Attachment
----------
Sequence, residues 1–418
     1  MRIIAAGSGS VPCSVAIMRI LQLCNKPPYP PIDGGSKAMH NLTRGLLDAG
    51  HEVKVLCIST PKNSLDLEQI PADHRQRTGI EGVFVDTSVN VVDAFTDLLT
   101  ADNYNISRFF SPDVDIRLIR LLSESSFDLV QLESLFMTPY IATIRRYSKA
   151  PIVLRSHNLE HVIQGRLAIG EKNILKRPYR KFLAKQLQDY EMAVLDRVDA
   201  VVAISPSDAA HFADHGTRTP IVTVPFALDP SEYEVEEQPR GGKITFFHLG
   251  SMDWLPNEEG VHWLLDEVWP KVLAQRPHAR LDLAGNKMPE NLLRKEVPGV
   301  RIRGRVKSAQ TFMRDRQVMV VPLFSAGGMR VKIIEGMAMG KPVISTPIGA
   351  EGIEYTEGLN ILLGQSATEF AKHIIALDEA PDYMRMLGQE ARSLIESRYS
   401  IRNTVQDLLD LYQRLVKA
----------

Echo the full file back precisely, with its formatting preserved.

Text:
Sequence, residues 1–418
     1  MRIIAAGSGS VPCSVAIMRI LQLCNKPPYP PIDGGSKAMH NLTRGLLDAG
    51  HEVKVLCIST PKNSLDLEQI PADHRQRTGI EGVFVDTSVN VVDAFTDLLT
   101  ADNYNISRFF SPDVDIRLIR LLSESSFDLV QLESLFMTPY IATIRRYSKA
   151  PIVLRSHNLE HVIQGRLAIG EKNILKRPYR KFLAKQLQDY EMAVLDRVDA
   201  VVAISPSDAA HFADHGTRTP IVTVPFALDP SEYEVEEQPR GGKITFFHLG
   251  SMDWLPNEEG VHWLLDEVWP KVLAQRPHAR LDLAGNKMPE NLLRKEVPGV
   301  RIRGRVKSAQ TFMRDRQVMV VPLFSAGGMR VKIIEGMAMG KPVISTPIGA
   351  EGIEYTEGLN ILLGQSATEF AKHIIALDEA PDYMRMLGQE ARSLIESRYS
   401  IRNTVQDLLD LYQRLVKA